Bob Brown has worked with many top tech firms and was part of the team working on collaboration technologies at Avid and more latterly Gobbler. In the first of three articles Bob talks about the concept of creative collaboration, the opportunities and the challenges.
Yesterdays Technology for Today’s Workflows
The tools we use for music production have been developed over the past 50 to 100 years. Musicians and engineers love vintage microphones, analog effects, and the sound of tape; ironically, it’s the imperfections of past technology that sound more pleasing to our ears.
The majority of todays DAWs such as Pro Tools, Logic X Pro, and Studio One are based on designs that evolved from tape machines and the old studio workflow. Additionally, these DAWs are designed primarily around a single user or single operator workflow. In general, there is one mouse and one keyboard controlling the DAW.
Most DAWs are designed to have a person record arm a set of tracks and queue or start the transport recording when the musicians are ready. Many have modes or external hardware that allow the single operator be the musician and start the transport rolling with a count off or a pedal switch. In some cases there may be multiple people mixing simultaneously with a control surface - such as ones that model traditional mixing desks.
When a group of musicians are working together in different studios, they are faced with many challenges including the diversity of DAWs, plug-ins, interfaces, and even outboard gear. Even assuming everyone has the same sets of tools, most DAWs do not have advanced features for cloud-based project or session workflows. Collaboration is often facilitated via sending and receiving whole copies of a project, or important audio bounces (thus limiting editing capabilities between collaborators). With these limited tools, it quickly becomes difficult to track and manage all of the copies of media.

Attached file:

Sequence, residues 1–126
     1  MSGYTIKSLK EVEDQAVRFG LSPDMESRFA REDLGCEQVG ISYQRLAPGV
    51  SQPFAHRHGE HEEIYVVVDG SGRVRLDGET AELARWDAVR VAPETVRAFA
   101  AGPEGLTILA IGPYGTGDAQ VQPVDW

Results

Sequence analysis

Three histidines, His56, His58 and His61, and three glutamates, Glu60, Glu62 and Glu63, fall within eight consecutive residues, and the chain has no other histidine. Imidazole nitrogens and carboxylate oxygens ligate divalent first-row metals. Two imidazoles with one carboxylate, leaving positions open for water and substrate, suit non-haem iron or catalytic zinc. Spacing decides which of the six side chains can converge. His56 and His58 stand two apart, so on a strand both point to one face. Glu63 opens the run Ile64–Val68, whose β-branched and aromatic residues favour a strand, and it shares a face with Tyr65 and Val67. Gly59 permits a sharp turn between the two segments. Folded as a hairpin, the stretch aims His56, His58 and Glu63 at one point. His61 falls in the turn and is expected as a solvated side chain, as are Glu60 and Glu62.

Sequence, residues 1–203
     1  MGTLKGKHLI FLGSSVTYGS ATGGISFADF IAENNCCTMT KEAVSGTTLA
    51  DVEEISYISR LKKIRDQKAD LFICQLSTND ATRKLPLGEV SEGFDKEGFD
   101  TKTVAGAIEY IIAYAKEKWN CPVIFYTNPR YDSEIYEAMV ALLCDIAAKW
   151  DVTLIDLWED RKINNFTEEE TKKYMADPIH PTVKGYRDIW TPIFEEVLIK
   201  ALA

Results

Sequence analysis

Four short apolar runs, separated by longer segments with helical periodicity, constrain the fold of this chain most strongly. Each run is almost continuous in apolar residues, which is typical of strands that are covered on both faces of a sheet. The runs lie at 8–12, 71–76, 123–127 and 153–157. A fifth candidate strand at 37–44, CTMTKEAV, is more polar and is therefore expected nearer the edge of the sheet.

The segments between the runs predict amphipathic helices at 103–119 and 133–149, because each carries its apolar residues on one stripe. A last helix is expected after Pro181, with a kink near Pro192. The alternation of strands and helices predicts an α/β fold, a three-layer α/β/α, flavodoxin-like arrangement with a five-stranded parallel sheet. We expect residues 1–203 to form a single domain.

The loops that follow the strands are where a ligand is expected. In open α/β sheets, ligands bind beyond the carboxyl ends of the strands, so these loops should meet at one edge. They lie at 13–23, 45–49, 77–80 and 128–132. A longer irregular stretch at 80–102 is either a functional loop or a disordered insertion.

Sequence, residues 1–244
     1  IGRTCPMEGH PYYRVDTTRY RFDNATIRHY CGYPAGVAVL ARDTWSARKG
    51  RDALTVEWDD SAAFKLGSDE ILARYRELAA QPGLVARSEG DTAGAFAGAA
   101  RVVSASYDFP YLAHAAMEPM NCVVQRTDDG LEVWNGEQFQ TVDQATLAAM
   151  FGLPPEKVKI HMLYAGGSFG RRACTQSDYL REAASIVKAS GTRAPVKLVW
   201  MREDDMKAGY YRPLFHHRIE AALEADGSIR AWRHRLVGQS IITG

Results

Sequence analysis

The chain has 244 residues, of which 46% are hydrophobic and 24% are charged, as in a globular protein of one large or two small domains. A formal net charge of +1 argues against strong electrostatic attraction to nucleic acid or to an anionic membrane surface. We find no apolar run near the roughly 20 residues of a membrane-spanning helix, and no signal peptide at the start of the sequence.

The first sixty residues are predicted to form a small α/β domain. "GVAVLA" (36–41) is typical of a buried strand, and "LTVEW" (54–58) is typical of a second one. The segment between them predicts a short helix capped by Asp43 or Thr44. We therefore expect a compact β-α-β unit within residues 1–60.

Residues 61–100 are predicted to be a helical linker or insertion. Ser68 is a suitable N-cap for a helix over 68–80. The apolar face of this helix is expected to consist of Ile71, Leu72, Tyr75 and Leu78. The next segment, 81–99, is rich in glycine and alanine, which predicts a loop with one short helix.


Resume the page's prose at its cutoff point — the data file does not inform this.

While there are promising new technologies geared toward collaboration using traditional DAW workflows - such as Ohm Studio and Steinberg Nuendo.
Serial vs. Parallel Workflows, What?
The recording process for both solo musicians and bands is often initiated in one of two ways:
The whole band records a song together live in the studio. This is known as a parallel, or synchronous workflow, where all instruments are recorded simultaneously.
Conversely, each instrument may be individually recorded as an overdub layered on existing tracks. This is the serial, or asynchronous, workflow.
Most productions employ a combination of parallel and serial workflows. After recording the whole band together, additional tracks may be added to enhance the original recording or fix issues that might have occurred.
How Space And Time Affect Collaboration
Now that we have defined serial and parallel production techniques and have an understanding of how and why they are used, let’s look at how time and space (or location) come into the production process.
There are two key concepts when thinking about collaboration and information transfer between different studios. First, bandwidth, or the amount of data that can be transferred at a time. A simple way of understanding bandwidth is to think of how big the “pipe” or “hose” is. A firehose delivers much more water than a garden hose. Second, latency, which concerns the speed of data transfer and delay in data delivery. Continuing the hose analogy, the speed at which water travels through a hose is related to how much pressure is forcing water through it.
Most musicians who have recorded have experienced latency; for an example, recall the delay between when you sing into a microphone and hear your voice in your monitoring headphones. When you talk on the phone or use an application like Skype or Google Hangouts, it seems as if everything is happening in real time with no latency. In reality, such applications are simply compensating for latency. If you ever try to sing or play a song with someone over the phone, for example, you will quickly find out the latency is quite high. This latency makes it nearly impossible to perform together over a standard phone or internet connection.
If you are collaborating with other musicians, you will very likely be working with more than one computer. Unless you are moving a hard drive between the computers, you will likely be moving (copying) files around. The minute you copy a file, you have at least two versions that need to be tracked so that they are up to date.
The real challenge for designers creating the next generation of tools is to understand the workflows musicians and engineers want to use, and create tools that guide and allow them to work together.
For more information on latency in computer recordings, see this article from Apple’s developer library.